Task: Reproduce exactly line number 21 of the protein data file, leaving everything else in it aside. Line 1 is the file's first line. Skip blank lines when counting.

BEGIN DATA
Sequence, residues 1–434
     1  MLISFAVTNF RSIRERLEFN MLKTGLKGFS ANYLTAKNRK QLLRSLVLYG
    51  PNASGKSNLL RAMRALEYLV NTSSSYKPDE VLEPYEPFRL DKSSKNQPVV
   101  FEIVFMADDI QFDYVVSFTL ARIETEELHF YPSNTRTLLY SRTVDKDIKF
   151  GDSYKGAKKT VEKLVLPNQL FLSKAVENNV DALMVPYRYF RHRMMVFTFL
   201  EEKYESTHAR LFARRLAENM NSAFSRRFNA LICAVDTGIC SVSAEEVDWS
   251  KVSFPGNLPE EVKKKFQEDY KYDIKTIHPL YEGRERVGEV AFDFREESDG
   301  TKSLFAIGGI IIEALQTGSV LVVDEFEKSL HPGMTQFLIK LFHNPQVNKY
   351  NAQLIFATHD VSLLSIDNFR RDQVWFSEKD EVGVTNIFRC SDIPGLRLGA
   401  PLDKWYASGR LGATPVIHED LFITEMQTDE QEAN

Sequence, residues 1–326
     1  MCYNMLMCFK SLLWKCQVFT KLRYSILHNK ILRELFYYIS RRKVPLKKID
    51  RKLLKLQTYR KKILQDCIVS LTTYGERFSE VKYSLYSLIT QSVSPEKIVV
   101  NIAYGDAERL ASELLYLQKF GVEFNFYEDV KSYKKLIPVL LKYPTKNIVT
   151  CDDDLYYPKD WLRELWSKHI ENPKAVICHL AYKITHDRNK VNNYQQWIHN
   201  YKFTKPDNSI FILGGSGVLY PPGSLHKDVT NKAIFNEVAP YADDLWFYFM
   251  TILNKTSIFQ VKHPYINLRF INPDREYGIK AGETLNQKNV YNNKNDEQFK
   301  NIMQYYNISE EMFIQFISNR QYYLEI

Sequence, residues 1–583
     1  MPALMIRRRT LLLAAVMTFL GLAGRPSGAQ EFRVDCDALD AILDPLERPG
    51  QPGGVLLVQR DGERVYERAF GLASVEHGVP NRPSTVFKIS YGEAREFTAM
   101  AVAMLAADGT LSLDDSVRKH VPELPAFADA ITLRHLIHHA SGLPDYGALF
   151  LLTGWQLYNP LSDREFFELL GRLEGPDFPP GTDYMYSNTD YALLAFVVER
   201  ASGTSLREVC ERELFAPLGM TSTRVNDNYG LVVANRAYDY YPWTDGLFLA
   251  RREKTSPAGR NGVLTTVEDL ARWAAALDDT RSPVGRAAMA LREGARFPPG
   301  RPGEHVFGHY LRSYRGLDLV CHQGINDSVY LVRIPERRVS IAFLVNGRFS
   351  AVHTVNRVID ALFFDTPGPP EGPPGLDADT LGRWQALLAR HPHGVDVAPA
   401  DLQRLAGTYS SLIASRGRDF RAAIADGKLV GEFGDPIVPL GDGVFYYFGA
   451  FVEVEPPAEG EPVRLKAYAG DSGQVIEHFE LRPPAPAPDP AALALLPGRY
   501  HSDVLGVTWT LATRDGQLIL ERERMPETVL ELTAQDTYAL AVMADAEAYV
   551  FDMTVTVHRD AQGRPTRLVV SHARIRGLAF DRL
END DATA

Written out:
    51  QPGGVLLVQR DGERVYERAF GLASVEHGVP NRPSTVFKIS YGEAREFTAM